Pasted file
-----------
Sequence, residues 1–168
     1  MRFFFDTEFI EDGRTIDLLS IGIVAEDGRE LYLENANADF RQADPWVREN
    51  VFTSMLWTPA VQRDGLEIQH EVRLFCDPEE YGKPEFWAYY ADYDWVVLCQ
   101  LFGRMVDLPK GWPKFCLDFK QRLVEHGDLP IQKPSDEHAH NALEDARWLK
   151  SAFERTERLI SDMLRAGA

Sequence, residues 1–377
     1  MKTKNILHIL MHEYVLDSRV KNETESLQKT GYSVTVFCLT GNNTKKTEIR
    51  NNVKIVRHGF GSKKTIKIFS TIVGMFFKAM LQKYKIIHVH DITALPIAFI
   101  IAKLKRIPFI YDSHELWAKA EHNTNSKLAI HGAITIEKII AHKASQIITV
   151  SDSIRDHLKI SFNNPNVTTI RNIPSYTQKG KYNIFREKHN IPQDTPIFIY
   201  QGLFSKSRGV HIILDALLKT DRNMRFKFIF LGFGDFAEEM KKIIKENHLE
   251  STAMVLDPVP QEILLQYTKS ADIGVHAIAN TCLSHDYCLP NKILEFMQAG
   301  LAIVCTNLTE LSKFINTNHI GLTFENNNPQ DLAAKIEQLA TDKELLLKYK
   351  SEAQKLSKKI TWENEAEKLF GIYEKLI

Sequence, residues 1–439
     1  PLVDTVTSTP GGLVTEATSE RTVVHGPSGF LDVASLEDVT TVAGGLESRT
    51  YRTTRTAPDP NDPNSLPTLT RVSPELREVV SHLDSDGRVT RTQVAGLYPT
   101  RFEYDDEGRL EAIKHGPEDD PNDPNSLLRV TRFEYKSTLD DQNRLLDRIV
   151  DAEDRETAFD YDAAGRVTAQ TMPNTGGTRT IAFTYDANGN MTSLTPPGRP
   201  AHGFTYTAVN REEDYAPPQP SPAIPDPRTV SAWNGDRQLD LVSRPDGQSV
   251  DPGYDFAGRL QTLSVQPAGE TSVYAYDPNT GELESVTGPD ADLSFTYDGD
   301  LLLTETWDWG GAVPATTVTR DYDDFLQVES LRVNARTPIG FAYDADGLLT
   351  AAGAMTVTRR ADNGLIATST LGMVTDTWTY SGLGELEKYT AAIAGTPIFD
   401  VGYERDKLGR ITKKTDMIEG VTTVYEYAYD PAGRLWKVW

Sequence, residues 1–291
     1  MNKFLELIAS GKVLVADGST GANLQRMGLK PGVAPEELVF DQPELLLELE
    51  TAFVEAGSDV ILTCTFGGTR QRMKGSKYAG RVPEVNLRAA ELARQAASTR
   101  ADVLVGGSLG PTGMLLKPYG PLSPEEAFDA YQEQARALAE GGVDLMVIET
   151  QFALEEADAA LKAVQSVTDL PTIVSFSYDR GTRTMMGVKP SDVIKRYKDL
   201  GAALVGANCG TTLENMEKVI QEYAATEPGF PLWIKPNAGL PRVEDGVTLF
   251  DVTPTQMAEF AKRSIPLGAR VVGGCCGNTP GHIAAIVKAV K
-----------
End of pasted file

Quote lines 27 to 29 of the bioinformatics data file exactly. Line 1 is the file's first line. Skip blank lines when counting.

    51  TAFVEAGSDV ILTCTFGGTR QRMKGSKYAG RVPEVNLRAA ELARQAASTR
   101  ADVLVGGSLG PTGMLLKPYG PLSPEEAFDA YQEQARALAE GGVDLMVIET
   151  QFALEEADAA LKAVQSVTDL PTIVSFSYDR GTRTMMGVKP SDVIKRYKDL